Question Period – May 8, 2018 Athabasca University – Keeping Jobs in Athabasca

Athabasca University – Keeping Jobs in Athabasca 

Mr. Piquette: Well, thank you, Mr. Speaker. Athabasca University provides Albertans with a high-quality university education no matter where they live. In my riding it is also a pillar of our community, providing high-quality jobs and educational opportunities. The staff of AU and the greater Athabasca community are grateful for the support our government has provided to keep the university strong in Athabasca. However, recently there have been concerns over professional jobs being lost to big urban centres. What is the government doing to make sure that Athabasca University is sustainable and that jobs in Athabasca are protected?

The Speaker: The hon. Minister of Advanced Education.

Mr. Schmidt: Thank you, Mr. Speaker, and thank you to the member for the question. He’s been a powerful advocate for Athabasca University and the town of Athabasca. We’re proud of the work that we’ve done to put AU back on track and to keep it in the town of Athabasca. We commissioned a third-party review, written by Dr. Ken Coates, and we’ve been working with AU to implement its recommendations. We’ve made clear that as progress is being made, jobs in the town of Athabasca must be protected. The Coates report calls for enhancing the role of Athabasca University in Athabasca and states that “AU should be able to maintain if not expand the size of its operations in the Town of Athabasca.”

The Speaker: First supplemental.

Mr. Piquette: Thank you, Mr. Speaker. Given that under the previous Conservative government there were grave concerns about roller coaster funding and the long-term financial sustainability of AU, what has the government done to provide financial stability?

Mr. Schmidt: Well, we know that one of the favourite Conservative pastimes was making cuts to postsecondary education, and that made the problems at Athabasca University worse. We’ve been proud to increase our funding by 2 per cent for our universities and colleges every year that we’ve been in government, including at Athabasca University. We were very pleased to see that the financial reports from AU last year were positive, and thanks to our support, they are now on much more stable financial footing. If the Conservatives ever got the chance again, they’d make more cuts and undo the progress that we’ve made at Athabasca University.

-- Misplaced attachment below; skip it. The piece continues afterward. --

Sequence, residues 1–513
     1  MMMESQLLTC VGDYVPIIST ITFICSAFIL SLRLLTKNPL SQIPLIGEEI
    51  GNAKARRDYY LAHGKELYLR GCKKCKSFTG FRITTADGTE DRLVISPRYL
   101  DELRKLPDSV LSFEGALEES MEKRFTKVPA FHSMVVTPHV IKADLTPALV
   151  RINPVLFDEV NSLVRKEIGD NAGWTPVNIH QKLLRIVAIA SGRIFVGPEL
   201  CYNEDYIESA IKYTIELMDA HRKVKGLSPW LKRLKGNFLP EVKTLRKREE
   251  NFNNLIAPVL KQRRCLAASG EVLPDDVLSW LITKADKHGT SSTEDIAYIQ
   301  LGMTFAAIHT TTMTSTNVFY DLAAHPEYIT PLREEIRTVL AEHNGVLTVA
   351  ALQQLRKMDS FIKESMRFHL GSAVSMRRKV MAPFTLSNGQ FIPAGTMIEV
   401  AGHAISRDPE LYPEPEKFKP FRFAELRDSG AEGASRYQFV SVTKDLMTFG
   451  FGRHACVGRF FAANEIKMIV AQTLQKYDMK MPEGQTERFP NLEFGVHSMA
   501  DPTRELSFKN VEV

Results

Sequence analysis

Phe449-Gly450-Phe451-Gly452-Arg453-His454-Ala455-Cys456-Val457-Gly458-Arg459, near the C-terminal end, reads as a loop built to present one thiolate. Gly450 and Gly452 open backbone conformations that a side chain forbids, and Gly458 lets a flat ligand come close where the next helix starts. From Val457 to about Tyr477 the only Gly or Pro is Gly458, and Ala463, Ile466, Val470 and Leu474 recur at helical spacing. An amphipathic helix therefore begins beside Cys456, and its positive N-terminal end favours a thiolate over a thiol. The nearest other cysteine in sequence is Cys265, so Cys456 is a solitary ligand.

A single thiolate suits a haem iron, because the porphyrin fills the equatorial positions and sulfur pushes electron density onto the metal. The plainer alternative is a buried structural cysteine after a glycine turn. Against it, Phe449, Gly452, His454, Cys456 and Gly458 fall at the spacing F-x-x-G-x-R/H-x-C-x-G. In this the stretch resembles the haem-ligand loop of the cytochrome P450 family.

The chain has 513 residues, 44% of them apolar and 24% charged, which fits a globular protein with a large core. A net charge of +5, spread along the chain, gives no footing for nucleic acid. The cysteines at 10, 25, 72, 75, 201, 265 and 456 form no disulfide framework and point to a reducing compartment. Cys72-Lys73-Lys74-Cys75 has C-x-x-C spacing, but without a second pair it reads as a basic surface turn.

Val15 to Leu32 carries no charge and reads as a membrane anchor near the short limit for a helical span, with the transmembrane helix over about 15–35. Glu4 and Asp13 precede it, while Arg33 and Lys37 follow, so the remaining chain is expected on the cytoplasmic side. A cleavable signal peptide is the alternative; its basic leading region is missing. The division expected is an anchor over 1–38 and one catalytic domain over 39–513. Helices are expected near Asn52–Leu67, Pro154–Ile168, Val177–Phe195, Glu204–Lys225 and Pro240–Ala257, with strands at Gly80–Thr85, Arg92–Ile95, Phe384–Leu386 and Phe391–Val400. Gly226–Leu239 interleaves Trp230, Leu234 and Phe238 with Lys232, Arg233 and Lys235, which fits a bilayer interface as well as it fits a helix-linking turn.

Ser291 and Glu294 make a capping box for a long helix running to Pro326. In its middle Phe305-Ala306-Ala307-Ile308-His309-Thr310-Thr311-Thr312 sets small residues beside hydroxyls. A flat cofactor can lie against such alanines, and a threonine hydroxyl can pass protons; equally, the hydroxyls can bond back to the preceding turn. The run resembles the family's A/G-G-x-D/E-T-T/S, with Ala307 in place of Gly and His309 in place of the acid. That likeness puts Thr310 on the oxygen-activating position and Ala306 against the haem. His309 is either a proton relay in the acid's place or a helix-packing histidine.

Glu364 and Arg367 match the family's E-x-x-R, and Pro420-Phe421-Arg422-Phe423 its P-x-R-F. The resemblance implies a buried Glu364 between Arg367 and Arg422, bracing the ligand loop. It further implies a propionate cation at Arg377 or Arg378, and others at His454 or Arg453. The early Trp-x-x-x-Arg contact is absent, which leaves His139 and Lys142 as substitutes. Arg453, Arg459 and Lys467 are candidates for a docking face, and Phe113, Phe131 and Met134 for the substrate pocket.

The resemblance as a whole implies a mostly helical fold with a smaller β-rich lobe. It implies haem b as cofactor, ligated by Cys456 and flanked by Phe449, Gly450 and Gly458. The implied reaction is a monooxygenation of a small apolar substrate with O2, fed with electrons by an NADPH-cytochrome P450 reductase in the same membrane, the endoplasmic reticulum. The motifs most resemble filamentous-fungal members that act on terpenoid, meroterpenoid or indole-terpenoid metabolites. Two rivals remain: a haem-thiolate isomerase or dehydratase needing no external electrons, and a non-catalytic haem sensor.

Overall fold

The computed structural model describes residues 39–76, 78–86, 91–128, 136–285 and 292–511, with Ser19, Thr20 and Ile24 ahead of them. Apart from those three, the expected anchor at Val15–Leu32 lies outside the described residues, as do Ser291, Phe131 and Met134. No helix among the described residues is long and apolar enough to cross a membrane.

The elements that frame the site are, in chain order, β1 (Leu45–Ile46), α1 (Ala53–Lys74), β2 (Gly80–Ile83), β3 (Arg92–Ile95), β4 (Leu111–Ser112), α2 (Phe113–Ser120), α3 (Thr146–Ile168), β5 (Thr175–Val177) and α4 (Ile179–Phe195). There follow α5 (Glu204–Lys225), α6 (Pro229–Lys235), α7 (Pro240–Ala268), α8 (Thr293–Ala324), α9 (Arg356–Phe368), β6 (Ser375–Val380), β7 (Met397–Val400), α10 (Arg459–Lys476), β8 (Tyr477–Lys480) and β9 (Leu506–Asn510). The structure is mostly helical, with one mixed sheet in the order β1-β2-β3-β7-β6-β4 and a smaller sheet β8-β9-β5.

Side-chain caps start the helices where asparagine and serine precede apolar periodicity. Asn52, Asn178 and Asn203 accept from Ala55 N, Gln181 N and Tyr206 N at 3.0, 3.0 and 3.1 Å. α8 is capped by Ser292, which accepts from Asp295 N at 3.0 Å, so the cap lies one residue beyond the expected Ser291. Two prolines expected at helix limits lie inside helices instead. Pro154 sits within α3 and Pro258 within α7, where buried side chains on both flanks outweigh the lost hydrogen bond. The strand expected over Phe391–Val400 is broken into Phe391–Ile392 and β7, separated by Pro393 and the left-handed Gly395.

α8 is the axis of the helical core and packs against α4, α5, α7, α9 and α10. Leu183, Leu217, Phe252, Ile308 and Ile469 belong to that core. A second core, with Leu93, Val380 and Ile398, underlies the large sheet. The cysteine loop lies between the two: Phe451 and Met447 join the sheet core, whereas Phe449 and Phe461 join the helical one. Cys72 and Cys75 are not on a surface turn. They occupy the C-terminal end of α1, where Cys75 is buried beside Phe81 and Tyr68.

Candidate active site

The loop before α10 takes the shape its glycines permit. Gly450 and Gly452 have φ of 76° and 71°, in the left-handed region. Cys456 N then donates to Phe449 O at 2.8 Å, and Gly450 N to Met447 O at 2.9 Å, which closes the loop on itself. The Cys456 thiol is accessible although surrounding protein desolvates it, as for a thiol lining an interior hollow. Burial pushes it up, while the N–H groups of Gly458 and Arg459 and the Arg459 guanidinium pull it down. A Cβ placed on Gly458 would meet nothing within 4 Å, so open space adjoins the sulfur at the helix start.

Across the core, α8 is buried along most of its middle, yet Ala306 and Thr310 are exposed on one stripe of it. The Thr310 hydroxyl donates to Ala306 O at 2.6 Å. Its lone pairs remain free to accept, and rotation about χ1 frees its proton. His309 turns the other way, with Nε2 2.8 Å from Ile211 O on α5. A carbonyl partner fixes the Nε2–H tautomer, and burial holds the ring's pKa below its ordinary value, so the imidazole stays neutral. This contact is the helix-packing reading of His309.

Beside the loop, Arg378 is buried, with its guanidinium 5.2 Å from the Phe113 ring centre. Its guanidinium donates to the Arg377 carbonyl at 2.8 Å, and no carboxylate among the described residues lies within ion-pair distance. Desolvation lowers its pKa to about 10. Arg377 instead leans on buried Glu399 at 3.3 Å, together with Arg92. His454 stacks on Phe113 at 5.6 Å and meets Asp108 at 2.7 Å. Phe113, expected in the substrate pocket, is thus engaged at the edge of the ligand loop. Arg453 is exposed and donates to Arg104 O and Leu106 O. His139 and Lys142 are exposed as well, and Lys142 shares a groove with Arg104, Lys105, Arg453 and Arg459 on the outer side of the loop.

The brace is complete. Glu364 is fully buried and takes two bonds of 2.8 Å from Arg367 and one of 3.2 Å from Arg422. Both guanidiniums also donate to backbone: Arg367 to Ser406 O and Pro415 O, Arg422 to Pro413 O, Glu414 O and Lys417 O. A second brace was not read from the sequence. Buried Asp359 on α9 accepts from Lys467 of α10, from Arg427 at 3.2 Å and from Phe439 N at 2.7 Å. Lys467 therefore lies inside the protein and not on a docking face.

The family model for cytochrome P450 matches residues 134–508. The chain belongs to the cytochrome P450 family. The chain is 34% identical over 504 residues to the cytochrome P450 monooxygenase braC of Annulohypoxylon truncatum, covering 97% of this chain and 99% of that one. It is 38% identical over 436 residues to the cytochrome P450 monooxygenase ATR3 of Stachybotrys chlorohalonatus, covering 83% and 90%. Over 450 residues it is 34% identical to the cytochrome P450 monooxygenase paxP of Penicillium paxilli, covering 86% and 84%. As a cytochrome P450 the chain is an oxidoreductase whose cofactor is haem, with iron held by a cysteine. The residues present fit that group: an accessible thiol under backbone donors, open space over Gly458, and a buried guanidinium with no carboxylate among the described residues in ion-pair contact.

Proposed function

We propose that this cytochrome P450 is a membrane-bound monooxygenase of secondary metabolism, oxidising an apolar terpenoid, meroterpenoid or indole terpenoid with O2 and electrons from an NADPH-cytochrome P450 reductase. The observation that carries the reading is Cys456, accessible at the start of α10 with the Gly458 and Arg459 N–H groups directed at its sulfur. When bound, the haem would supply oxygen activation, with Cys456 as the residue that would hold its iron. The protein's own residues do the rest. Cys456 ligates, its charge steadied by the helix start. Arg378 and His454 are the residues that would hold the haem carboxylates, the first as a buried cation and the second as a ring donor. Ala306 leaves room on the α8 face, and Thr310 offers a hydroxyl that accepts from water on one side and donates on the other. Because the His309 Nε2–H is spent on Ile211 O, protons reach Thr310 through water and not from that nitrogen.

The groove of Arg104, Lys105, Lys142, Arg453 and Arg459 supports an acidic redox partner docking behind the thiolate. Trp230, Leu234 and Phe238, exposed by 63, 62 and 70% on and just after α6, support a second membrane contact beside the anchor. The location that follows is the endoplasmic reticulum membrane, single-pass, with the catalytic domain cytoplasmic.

The Speaker: Second supplemental.

Mr. Piquette: Thank you, Mr. Speaker. Given that the Coates report provides a way forward for Athabasca University to thrive in the years to come, what is the minister doing to make sure that the third-party report is being followed through on?

The Speaker: The hon. minister.

Mr. Schmidt: Well, thank you, Mr. Speaker. We’re working closely with Athabasca University’s new president and board chair to see this work through. AU has been consulting and recently presented a strategic plan, which outlines a path forward and clear goals and objectives through 2022. I’ll be visiting Athabasca in the coming weeks and providing further updates on our government’s support for Athabasca University, and I look forward to having the hon. member there with me.

Speaking in the House – Electoral Boundaries Commission – December 13, 2017

The Acting Speaker: Any questions or comments under 29(2)(a)?
Seeing and hearing none, is there anyone else wishing to speak to Bill 33? The hon. Member for Athabasca-Sturgeon-Redwater.

Mr. Piquette: Thank you, Mr. Speaker. Yeah. I just wanted to briefly get on the record a couple of points. Of course, I mean, I haven’t made secret my own concerns over the Electoral Boundaries Commission. I just want to respond to some of the things from the people on the other side. As a rural member I don’t feel like my colleagues are throwing me under the bus. I have to say that, I mean, they’re looking at this from a different perspective. I respect that. I understand where they’re coming from when they look at their own ridings and when they look at that we appointed this commission.

That all being said, I’m going to be voting against this on third reading. I feel like I can’t do otherwise. I mean, I did very extensive consultation with members in my riding. I spoke to every individual municipality, and I had unanimous consent. I had unanimous consent not from the municipalities merely but from every single councillor that was a member of every municipality. They all said the same thing, that they were really concerned about the changes. They were concerned about the dilution of representation that the expansion of the boundaries of our riding represented, and they urged me that what they wanted to see was the status quo. Because of this overwhelming voice from the riding, I can’t support the report’s recommendations. I have to give credit, too, you know, that I do have the ability to vote against this, and I intend to exercise it.

Thank you.